You want to treat your employees fairly and ensure they receive the care they need if they are injured on the job.
Many recovery programs choose to give house managers a stipend or cover their cost of room and board in exchange for their services. In most states, this means they are an employee and eligible for Worker’s Compensation benefits. (These rules fluctuate depending on the location/state of your facility.) That is why it is best to carry Workers’ Compensation insurance for all your employees.
There are other pieces to consider when you pay your employees with stipends or free room and board. While this practice is easier on your bottom line it is also legally complicated.
For instance, what about paying for overtime?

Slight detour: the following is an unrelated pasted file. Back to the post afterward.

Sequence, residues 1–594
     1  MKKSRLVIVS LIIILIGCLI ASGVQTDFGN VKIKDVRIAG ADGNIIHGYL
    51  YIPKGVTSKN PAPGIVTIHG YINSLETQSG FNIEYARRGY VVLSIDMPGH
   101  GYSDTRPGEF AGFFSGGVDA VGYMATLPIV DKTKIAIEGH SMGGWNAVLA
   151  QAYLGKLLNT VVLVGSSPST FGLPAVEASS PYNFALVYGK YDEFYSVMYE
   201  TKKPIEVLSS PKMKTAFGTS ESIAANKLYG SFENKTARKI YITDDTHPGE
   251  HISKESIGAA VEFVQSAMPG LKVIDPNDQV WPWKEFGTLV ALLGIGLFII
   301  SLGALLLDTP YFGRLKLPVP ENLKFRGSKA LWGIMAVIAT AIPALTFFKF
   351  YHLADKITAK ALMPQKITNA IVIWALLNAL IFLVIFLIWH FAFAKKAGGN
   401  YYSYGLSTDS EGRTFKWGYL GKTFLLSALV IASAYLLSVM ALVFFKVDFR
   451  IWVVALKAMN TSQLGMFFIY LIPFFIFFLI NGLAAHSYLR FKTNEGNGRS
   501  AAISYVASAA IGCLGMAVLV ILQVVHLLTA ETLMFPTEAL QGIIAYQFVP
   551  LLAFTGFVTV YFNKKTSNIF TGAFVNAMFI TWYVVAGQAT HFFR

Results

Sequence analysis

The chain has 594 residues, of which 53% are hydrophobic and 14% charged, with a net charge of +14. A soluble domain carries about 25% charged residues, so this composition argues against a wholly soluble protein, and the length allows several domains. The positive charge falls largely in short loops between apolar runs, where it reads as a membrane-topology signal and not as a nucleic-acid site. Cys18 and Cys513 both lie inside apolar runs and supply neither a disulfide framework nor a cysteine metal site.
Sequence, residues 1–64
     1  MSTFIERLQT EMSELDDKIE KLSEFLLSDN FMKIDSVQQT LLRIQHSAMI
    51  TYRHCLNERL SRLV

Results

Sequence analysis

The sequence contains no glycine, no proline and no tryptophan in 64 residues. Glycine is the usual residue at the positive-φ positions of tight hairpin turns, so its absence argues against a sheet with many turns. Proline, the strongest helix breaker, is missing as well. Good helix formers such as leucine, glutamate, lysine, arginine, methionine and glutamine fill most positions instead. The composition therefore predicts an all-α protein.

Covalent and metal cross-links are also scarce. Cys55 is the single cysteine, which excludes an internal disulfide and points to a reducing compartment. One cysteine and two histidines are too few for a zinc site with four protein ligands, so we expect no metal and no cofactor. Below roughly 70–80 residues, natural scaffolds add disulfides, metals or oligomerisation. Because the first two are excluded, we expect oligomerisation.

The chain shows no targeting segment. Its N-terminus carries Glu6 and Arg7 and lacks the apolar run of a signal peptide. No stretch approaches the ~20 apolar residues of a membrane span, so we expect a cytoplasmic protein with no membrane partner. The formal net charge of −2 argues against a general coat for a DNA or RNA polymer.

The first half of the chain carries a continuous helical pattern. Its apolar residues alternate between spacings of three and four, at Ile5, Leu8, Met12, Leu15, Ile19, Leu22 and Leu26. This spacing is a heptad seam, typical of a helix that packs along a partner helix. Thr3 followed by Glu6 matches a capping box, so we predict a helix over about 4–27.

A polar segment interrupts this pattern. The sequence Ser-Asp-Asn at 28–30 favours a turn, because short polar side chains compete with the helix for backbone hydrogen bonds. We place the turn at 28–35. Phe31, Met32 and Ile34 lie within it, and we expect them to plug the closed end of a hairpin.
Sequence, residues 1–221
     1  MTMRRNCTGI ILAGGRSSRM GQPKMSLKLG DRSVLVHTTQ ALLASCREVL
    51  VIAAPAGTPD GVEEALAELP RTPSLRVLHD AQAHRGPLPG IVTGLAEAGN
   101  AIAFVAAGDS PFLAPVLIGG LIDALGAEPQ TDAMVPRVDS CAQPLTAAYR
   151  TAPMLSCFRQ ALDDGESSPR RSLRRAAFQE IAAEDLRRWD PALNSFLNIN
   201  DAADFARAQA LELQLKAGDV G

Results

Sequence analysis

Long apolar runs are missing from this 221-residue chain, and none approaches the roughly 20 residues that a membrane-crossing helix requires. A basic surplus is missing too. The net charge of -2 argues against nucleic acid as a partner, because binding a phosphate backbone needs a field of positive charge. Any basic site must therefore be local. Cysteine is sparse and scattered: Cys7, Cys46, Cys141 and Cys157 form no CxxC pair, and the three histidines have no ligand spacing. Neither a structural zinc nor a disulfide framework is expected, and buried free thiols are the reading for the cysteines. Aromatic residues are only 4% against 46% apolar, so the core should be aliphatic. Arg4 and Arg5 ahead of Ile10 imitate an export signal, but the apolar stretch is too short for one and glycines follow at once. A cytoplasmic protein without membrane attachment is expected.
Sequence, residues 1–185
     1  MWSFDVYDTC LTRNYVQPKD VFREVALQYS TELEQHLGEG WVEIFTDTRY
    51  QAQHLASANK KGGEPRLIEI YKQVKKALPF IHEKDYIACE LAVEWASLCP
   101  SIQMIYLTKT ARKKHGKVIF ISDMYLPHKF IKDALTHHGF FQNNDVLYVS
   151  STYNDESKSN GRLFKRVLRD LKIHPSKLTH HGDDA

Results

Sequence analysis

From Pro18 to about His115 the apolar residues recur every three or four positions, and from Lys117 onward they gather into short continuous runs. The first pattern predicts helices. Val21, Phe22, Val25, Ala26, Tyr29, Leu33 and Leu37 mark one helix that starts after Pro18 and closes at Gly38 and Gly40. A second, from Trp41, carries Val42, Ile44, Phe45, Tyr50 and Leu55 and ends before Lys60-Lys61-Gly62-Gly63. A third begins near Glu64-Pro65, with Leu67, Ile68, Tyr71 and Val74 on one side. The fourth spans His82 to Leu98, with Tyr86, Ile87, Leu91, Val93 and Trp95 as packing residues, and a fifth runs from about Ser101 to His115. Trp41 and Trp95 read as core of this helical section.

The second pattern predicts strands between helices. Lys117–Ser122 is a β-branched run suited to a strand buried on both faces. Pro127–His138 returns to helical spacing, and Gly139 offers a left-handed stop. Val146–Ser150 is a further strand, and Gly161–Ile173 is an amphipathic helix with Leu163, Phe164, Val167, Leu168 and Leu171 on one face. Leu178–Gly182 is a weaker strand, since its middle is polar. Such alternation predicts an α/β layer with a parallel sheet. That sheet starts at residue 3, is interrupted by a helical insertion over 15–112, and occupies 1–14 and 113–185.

Scenario: An stipend employee claims they worked “overtime” during a time you were short-staffed. They request additional compensation for this work. Since this is not in your budget, you deny the request. They threaten to sue your organization for unfair labor practices. Your Employment Practices Liability Insurance does not cover this claim since you do not have Wage and Hour Coverage.
Wage and Hour Coverage protects against complaints filed by employees who believe they were unfairly compensated.
Even if you are following state and local employment laws, they are complicated, nuanced, and ever-changing. It can be difficult to avoid wage and hour claims, even when you commit to ensuring all your employees are properly compensated. This is why it is best for organizations to carry Wage and Hour Coverage.
As the COVID-19 pandemic continues, many organizations are thinking about their reopening plan, so they can be ready to start that process when it’s...